Hundreds of UK men are trying out a new screening test for prostate cancer to see if it should eventually be offered routinely on the NHS.
The test is a non-invasive MRI scan that takes images of the inside of the body to check for any abnormal growths.
Scientists running the trial say it will take a few years to know if MRI will be better than available blood tests and biopsies at spotting cancers.
NHS England said it would review this "potentially exciting" development.
Why don't we already screen for prostate cancer?
The UK currently doesn't offer routine screening because there is no reliable test.
A blood test, called PSA, can check for high levels of a protein that can sometimes indicate that the person might have prostate cancer, but it is not always accurate.
About three in four men with a raised PSA level will not have cancer and the test can also miss more than one in 10 cancers.
Men with a raised PSA may need more checks, such as a biopsy. This involves taking small samples of tissue from the prostate gland, using a needle, so that they can be examined under the microscope.
In some cases, this can miss a cancer that is there, fail to spot whether it is aggressive, and cause side-effects, including bleeding, serious infections and erectile dysfunction.
What is the new test?
MRI is non-invasive. It might be a way to make prostate cancer testing more reliable and maybe even do away with the need for biopsies altogether, researchers hope.
A recent UK trial in men with high PSA levels showed more than a quarter could be spared invasive biopsies.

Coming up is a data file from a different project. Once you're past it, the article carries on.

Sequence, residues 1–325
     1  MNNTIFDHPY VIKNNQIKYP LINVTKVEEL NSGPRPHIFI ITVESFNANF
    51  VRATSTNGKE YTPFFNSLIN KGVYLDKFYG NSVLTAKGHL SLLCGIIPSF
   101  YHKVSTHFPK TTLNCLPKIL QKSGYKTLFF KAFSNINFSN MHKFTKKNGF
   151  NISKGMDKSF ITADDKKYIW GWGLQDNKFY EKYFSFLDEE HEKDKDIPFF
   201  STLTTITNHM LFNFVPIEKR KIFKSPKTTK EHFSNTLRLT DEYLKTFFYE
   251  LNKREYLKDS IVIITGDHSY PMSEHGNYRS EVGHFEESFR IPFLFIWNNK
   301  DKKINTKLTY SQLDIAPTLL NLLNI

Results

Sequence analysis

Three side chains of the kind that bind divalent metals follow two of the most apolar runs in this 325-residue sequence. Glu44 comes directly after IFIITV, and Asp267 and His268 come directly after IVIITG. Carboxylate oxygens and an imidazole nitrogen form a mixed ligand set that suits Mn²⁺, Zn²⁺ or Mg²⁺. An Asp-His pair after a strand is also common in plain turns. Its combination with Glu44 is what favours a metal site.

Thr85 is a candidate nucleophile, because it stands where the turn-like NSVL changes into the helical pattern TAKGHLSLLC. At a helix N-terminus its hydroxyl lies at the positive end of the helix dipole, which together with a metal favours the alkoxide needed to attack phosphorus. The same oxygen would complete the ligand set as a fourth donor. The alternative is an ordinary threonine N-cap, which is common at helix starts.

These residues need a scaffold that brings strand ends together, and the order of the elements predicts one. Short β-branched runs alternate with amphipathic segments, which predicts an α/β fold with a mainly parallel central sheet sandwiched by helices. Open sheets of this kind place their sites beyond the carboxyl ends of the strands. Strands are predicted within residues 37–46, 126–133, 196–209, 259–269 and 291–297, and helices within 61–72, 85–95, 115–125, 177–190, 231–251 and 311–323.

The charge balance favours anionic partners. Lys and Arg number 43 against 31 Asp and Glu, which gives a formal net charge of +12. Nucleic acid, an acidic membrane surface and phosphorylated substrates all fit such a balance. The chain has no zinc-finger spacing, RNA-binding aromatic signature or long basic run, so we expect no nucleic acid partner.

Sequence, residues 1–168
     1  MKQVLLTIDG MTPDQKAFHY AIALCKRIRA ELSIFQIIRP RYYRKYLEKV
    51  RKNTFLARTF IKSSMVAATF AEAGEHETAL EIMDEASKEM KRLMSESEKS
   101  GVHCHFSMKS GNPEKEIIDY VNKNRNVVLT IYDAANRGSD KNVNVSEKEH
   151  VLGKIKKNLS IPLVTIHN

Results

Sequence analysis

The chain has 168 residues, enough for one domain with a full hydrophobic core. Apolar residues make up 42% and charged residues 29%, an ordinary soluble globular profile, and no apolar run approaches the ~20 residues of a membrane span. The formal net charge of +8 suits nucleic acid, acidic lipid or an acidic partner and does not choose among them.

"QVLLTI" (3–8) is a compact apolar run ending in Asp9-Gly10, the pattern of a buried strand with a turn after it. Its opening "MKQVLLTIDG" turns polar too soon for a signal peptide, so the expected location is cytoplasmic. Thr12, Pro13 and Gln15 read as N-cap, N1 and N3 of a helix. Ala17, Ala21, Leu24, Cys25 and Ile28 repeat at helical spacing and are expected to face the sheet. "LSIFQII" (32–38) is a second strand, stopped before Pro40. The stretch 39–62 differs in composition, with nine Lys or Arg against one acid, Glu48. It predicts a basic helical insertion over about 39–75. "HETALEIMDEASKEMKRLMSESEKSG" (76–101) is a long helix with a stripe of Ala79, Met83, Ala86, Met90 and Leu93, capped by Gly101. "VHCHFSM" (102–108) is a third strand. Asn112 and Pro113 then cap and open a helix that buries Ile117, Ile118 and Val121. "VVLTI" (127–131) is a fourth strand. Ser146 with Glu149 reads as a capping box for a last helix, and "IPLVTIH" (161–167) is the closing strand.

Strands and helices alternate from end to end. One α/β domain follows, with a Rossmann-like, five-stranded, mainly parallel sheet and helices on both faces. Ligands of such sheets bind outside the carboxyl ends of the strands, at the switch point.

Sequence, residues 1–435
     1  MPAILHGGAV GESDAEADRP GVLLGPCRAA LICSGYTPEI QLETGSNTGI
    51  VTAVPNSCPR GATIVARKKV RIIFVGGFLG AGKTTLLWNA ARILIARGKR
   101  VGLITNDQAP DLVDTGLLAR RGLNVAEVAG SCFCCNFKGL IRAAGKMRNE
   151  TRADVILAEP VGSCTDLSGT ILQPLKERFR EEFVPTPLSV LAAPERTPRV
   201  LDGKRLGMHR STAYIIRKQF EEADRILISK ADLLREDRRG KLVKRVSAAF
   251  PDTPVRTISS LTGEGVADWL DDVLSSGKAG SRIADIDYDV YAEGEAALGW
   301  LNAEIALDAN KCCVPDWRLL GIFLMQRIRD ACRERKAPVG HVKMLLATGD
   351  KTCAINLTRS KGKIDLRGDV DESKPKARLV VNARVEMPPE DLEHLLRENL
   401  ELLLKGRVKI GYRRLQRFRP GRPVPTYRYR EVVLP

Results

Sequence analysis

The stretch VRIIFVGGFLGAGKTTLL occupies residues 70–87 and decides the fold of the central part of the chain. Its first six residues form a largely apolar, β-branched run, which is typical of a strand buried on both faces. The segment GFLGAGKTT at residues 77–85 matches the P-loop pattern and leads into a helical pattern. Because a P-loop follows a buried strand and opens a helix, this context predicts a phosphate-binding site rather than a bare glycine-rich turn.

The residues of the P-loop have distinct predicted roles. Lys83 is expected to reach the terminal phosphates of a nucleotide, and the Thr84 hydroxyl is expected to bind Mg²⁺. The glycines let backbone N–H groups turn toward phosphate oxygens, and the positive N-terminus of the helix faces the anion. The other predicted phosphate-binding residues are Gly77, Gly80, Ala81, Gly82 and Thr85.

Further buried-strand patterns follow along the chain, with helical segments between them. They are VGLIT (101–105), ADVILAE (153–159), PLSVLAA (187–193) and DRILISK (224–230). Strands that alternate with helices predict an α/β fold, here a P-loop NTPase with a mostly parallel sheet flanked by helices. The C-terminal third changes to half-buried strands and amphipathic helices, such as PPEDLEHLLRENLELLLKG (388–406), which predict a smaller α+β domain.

The experts from University College London who are running the screening trial hope MRI will detect serious cancers earlier while reassuring the majority of men that they don't have cancer.
Prof Mark Emberton and colleagues say MRI is a good tool because it is relatively cheap, widely available and reliable.
Men found to have possible signs of cancer on the scan would be sent for more tests.
What is prostate cancer?
Prostate cancer kills about 11,800 men each year in the UK.
It usually develops slowly so there may be no signs or symptoms for many years.
The prostate is a small gland that sits underneath the bladder and surrounds the urethra – the tube men urinate through.
The chances of developing prostate cancer increase with age. Most cases develop in men aged 50 or older.
Men whose father or brother was affected by prostate cancer are at slightly increased risk themselves.
For many men with prostate cancer, treatment is not immediately necessary – doctors may suggest watchful waiting or surveillance.
More aggressive prostate cancer will need immediate treatment, which includes surgery and radiotherapy.
What do experts think?
Co-researcher Prof Caroline Moore said: "We know that at the momentRead More – Source